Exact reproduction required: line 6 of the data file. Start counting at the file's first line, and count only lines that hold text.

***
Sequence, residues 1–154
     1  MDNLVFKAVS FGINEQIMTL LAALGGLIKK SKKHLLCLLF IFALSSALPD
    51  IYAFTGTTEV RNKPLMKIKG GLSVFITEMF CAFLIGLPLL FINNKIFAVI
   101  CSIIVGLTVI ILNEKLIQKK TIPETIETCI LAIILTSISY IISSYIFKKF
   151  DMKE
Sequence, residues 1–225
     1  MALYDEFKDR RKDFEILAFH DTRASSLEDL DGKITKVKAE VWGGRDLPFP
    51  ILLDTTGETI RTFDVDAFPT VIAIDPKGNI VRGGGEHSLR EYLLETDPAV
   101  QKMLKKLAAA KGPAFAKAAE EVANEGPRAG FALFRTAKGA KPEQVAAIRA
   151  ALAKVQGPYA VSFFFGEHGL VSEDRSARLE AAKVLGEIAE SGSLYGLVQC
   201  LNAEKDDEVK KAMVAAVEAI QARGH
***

Sequence, residues 1–225